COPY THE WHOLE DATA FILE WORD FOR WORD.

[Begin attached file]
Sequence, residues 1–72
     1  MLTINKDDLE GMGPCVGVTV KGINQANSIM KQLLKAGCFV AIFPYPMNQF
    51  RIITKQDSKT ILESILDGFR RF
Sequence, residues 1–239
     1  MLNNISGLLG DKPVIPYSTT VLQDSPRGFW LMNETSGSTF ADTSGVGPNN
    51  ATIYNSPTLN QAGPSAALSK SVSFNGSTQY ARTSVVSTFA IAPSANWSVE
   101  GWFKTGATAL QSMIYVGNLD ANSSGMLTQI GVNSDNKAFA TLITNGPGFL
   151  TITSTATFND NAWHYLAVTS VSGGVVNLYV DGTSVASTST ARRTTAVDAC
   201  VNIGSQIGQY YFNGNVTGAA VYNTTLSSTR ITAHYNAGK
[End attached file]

Sequence, residues 1–72
     1  MLTINKDDLE GMGPCVGVTV KGINQANSIM KQLLKAGCFV AIFPYPMNQF
    51  RIITKQDSKT ILESILDGFR RF
Sequence, residues 1–239
     1  MLNNISGLLG DKPVIPYSTT VLQDSPRGFW LMNETSGSTF ADTSGVGPNN
    51  ATIYNSPTLN QAGPSAALSK SVSFNGSTQY ARTSVVSTFA IAPSANWSVE
   101  GWFKTGATAL QSMIYVGNLD ANSSGMLTQI GVNSDNKAFA TLITNGPGFL
   151  TITSTATFND NAWHYLAVTS VSGGVVNLYV DGTSVASTST ARRTTAVDAC
   201  VNIGSQIGQY YFNGNVTGAA VYNTTLSSTR ITAHYNAGK